The Little Ice Age
January 3, 2020 8:53 AM - by Brian Fagan - Subscribe

The Little Ice Age tells the fascinating story of the turbulent, unpredictable, and often very cold years of modern European history. Using sources ranging from the dates of long-ago wine harvests and the business records of medieval monasteries to modern chemical analysis of ice cores, renowned archaeologist Brian Fagan reveals how a 500-year cold snap began in the fourteenth century. As Fagan shows, the increasingly cold and stormy weather dramatically altered fishing and farming practices, and it shaped familiar events, from Norse exploration to the settlement of North America, from the French Revolution to the Irish potato famine to the Industrial Revolution. Now updated with a new preface discussing the latest historical climate research, The Little Ice Age offers deeply important context for understanding today's age of global warming. As the Little Ice Age shows, climate change does not come in gentle, easy stages, and its influence on human life is profound.
posted by Homo neanderthalensis (5 comments total) 5 users marked this as a favorite
So this is an older book (2000) that was rereleased in 2019 with a new preface and afterward. The bulk of the scholarship holds up because it’s not so much about global warming but global cooling, the “little ice age” that roughly ran from 1250-1850 that was a contributing factor in many global historical events. It’s not that cooler temperatures caused the French Revolution shall we say- it’s just that the famines that it led to when coupled with disastrous laws and social policies and the refusal to implement various agricultural improvements... you get the idea. Climate doesn’t cause the problems so much as how we react to the changing climate. If only there were a lesson there. Another coupling of bad policy and laws with a climate induced famine is the Irish potato famine of course- the blight by itself was going to lead to deaths no matter what, the scale of the deaths was caused by English imperialism and anti-Irish policies. This is a really in depth look at a historical phenomenon that can help us understand why climate fluctuations can be so disastrous. A sobering but timely read- that was written 20 years ago but is if anything more relevant today.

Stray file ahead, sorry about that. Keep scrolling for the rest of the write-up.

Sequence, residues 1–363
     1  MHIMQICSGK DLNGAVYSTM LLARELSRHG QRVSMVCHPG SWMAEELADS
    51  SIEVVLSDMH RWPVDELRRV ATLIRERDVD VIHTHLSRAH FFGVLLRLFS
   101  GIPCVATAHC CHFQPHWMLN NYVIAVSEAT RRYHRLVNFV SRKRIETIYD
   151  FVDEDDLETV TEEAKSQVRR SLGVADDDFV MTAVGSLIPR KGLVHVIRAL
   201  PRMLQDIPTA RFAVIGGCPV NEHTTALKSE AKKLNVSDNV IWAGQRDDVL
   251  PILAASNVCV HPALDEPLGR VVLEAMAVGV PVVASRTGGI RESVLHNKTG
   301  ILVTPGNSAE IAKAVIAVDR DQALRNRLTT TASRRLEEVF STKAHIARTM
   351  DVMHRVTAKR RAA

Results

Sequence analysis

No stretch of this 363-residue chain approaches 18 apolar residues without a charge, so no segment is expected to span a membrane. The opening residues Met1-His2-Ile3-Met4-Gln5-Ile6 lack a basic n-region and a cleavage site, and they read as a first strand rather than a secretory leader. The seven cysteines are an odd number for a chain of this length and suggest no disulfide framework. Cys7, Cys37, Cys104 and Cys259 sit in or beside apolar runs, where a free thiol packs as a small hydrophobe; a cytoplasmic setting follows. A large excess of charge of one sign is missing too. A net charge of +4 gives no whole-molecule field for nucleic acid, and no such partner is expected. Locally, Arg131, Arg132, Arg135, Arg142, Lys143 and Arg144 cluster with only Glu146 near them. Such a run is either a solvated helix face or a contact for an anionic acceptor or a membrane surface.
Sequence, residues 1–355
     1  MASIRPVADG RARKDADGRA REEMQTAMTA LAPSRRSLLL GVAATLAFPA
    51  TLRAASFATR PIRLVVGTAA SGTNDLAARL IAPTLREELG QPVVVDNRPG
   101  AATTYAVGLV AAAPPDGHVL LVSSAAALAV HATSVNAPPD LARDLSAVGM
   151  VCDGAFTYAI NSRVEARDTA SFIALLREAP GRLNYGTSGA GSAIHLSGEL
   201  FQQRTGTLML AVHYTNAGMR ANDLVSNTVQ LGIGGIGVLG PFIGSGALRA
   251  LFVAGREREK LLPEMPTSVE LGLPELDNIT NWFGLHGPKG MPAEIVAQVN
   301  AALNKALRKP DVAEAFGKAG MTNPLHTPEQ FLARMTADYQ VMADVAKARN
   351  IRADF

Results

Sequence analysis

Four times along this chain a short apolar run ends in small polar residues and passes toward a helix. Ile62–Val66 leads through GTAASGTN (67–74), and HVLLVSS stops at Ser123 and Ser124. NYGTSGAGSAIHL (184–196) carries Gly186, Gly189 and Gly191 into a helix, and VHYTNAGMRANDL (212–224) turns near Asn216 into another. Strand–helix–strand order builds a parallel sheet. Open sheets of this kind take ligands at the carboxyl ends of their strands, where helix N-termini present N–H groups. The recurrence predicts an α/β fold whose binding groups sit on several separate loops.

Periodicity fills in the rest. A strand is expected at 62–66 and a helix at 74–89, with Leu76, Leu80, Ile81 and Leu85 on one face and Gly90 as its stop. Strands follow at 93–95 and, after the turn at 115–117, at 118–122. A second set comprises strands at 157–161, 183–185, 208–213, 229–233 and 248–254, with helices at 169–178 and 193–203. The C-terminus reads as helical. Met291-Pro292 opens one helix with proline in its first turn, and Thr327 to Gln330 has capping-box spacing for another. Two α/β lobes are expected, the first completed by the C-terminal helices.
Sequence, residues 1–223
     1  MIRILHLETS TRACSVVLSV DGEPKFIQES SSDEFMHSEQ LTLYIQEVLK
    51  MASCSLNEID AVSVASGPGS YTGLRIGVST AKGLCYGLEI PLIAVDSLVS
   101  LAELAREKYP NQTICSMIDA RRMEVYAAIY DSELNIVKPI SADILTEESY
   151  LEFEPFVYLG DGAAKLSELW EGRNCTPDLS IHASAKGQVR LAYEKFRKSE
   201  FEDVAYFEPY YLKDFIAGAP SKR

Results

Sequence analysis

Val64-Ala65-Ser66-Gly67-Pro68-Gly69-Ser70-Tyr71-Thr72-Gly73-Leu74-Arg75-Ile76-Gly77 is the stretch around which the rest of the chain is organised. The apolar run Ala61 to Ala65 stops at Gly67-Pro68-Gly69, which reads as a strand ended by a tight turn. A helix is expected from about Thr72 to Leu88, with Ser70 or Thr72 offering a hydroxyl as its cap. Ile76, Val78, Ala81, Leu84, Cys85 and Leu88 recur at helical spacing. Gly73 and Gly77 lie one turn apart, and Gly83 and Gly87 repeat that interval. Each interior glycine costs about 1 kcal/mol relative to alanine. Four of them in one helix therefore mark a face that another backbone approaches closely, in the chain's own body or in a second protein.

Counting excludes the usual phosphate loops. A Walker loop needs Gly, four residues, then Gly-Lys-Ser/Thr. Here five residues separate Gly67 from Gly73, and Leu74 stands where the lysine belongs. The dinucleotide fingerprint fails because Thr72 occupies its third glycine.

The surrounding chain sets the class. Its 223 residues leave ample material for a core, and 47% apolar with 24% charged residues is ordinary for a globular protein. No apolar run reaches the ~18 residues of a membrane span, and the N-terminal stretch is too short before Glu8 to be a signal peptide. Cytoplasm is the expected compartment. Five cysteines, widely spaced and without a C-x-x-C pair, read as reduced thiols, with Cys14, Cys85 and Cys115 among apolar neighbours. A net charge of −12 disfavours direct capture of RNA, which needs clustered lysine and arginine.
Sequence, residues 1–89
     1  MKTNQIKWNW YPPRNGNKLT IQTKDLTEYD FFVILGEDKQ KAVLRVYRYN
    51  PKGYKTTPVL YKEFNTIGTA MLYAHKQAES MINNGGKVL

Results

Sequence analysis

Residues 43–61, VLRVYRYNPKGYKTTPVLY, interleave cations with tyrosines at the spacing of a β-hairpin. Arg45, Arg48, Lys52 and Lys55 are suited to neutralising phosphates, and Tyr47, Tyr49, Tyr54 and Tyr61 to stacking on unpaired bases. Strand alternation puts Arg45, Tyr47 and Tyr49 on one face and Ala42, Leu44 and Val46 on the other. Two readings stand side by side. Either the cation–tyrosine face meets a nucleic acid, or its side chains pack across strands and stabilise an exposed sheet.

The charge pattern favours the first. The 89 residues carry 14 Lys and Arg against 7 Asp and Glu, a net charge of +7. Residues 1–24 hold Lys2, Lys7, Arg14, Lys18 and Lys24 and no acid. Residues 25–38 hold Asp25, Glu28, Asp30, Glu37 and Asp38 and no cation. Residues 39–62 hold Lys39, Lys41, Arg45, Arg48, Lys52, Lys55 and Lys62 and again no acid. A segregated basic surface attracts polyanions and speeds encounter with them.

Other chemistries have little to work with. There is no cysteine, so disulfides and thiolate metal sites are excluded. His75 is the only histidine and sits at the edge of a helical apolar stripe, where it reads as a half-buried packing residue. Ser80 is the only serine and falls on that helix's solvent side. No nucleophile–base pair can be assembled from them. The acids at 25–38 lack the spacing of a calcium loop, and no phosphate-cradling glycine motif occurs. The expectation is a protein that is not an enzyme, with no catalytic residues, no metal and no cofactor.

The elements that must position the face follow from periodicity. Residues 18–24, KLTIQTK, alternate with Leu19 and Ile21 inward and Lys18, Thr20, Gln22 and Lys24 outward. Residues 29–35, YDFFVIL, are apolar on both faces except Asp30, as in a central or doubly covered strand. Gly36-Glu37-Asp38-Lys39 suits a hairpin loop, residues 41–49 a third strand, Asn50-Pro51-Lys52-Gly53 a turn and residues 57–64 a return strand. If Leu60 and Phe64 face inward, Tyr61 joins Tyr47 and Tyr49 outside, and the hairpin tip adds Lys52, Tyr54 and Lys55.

posted by Homo neanderthalensis at 8:59 AM on January 3 [3 favorites]

Thank you for the recommendation on a subject of interest to me, history that is explicitly not based on "great man theory". I have requested it from my library and will return to this page when I have read it.
posted by Botanizer at 1:39 PM on January 3 [1 favorite]

As I understand it, there's thought that we'd be in an actual ice age at this point, if it weren't for all of the CO2 we put in the atmosphere.
posted by Chrysostom at 10:11 PM on January 3

We are still a few thousand years away from when variations in the Earth's orbit around the sun will drive us into a period of glacial advance. To get a glacial advance the orbital variations, eccentricity of the orbit (~100K year cycle), the tilt of the earth on it's axis (~41K year cycle), and the changing date of when the earth is closest to the sun (~23K year cycle) have to line up to produce the maximum amount of solar radiation in the Northern Hemisphere summer and that is a few millennia away. For example, perihelion (when the earth is closest to the sun) occurs tomorrow, Jan 5th and won't precess back to July/Jun for another 12,000 years.

One thing to note, "Ice Age" is a term that is used differently by scientists and the public. When geologists or climatologists refer to the Ice Age they are typically referring to the Quaternary, which is a cold period of geologic time that began 2.6 million years ago and which is still ongoing. Within the Quaternary there have been a number of glacial and interglacial periods. The most recent glacial advance, which peaked about 16K years ago and ended 11K years ago, is what most people are thinking of when they say "Ice Age".

I read Fagan's book when it came out and mostly remember that is it a well-written popularization of the then current understanding of the Little Ice Age. A lot of research has taken place since then.

Finally, Fagan based a lot of his book on The Little Ice Age, an academic book from 1988 by Jean Grove, which Fagan reviewed in this 2008 "revisit" (that pdf should be open access. If not MeMail me).
posted by plastic_animals at 6:33 AM on January 4 [5 favorites]

I haven't read this, but I greatly enjoyed Nature's Mutiny: How the Little Ice Age Transformed the West and Shaped the Present by Philipp Blom, which is a little too digressive for some but covers an extraordinary breadth of history.
posted by adrianhon at 1:57 PM on January 5

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